Funeral Planned for Palestinian Poet Mahmoud Darwish
Darwish passed away this past weekend, at the age of 67, due to complications following heart surgery he underwent at a hospital in Texas.
Mahmoud Darwish, whose poetry encapsulated the Palestinian cause, will be buried in the West Bank on Wednesday, a day later than planned, Palestinian officials said.
The funeral had initially been scheduled for Tuesday.
The 67-year-old writer died on Saturday from complications following heart surgery in a U.S. hospital in Houston, Texas.
Officials in Palestinian President Mahmoud Abbas's office said the funeral had been put back one day because of a delay in releasing Darwish's body in the United States.
The funeral in the West Bank city of Ramallah will be the first sponsored by the Palestinian Authority since leader Yasser Arafat died in 2004.
The poet, born in territory now Israel, had made his home in Ramallah since returning in the 1990s from a long exile during which he rose to prominence in Arafat's Palestine Liberation Organization (PLO).
Jordanian bloggers are also memorializing Darwish:
The Jordanian blogosphere has been mourning the great Palestinian poet, Mahmoud Darwish, who passed away from complications due to open-heart surgery at the age of 67 this week. For Jordanians, Darwish was more than just a master of words. He is perceived as an ambassador and champion of the Palestinian cause; articulating the sentiment on the street in the most poetic renderings.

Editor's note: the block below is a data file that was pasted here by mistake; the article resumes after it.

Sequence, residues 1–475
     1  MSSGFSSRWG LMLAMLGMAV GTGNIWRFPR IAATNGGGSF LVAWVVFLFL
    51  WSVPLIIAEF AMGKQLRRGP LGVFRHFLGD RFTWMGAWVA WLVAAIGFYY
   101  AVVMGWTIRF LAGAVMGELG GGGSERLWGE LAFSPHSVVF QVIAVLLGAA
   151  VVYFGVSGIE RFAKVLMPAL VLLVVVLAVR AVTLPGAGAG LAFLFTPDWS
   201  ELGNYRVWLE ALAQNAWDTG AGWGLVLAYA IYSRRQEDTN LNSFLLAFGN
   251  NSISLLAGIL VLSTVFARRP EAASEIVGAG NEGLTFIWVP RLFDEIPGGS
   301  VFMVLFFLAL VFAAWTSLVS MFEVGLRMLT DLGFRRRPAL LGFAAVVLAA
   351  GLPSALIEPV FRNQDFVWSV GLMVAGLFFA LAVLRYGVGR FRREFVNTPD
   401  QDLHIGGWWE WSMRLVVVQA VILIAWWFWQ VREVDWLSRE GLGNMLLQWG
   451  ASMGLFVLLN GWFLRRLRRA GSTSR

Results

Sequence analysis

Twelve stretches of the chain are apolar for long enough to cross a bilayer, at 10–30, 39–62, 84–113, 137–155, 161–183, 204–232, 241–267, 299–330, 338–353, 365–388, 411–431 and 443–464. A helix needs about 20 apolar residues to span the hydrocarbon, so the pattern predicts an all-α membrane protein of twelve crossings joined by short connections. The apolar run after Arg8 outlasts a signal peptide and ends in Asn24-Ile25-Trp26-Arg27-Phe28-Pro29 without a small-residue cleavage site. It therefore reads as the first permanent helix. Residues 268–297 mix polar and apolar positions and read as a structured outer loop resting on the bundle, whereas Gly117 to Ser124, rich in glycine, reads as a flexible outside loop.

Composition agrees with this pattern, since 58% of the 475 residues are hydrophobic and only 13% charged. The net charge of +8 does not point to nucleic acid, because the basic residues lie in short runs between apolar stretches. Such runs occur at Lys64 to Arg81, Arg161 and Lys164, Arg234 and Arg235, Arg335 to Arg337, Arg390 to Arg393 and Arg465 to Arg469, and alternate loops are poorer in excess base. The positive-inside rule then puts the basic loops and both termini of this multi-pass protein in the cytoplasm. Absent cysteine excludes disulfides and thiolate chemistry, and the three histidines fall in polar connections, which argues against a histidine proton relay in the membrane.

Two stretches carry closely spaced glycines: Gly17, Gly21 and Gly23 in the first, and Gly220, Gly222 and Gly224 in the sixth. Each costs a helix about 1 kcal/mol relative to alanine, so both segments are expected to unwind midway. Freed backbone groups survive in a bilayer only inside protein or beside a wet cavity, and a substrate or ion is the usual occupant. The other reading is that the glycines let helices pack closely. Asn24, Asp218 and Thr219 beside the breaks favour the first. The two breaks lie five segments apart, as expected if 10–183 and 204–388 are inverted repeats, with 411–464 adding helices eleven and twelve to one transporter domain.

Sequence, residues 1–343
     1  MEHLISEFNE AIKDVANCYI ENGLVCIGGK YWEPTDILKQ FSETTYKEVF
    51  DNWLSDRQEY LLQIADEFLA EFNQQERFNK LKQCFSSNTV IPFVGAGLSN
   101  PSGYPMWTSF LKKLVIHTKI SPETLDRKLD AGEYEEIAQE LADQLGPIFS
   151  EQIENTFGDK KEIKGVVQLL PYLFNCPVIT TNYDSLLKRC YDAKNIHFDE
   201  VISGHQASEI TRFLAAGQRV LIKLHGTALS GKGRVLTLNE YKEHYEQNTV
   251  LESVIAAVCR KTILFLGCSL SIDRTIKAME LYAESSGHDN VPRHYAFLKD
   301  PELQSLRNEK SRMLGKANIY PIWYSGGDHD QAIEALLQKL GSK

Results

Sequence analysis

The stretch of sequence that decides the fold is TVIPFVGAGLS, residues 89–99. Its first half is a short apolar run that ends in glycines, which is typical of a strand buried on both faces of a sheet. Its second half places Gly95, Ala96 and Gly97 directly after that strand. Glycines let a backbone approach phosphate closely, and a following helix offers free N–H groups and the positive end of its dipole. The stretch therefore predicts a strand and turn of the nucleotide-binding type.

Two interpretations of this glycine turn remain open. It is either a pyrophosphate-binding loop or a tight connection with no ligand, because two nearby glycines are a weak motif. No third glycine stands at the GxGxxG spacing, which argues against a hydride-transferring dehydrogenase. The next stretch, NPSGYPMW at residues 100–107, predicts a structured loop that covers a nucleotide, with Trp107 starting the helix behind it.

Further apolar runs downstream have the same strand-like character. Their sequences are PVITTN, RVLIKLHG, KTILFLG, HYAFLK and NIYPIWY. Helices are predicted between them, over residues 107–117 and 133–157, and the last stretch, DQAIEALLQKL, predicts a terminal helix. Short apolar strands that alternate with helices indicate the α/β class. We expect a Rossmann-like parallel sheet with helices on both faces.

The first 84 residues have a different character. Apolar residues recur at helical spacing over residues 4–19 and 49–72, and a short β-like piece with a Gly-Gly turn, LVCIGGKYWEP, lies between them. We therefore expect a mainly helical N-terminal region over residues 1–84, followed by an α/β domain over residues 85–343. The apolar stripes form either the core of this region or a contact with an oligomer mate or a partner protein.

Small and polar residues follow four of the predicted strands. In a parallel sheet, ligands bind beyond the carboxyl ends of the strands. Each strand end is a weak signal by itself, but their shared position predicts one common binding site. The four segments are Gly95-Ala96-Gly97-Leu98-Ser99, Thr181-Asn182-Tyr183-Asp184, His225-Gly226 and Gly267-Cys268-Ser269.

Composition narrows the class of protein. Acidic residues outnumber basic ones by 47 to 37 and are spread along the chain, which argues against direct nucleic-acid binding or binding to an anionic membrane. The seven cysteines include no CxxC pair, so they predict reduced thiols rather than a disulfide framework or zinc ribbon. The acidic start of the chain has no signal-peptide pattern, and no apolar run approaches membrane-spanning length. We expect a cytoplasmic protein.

Blogger Ammar Sajdi described Darwish as “A poet who leaves an eternal legacy of legendary master pieces that simply pierced through ears, the minds and the hearts of the masses”
Amjad described the unfortunate event as a “A true sad day for the whole nation”, while Mais wonders “who will continue to document the bleeding Palestinian wound?” (Arabic)
Tololy posts “State of Siege”, a classic Darwish poem, declaring: “How do you mourn a poet?
You don’t. You mourn the world without him.”
Most Jordanian bloggers have chosen to mourn Darwish by posting various pieces of his poetry in both Arabic and English, for all to read, eulogizing the famous poet with his very own words.